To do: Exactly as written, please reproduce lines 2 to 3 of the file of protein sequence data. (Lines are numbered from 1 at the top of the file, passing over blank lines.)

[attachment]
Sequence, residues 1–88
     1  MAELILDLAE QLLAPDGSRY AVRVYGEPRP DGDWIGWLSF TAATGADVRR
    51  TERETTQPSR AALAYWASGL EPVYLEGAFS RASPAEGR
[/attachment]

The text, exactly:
     1  MAELILDLAE QLLAPDGSRY AVRVYGEPRP DGDWIGWLSF TAATGADVRR
    51  TERETTQPSR AALAYWASGL EPVYLEGAFS RASPAEGR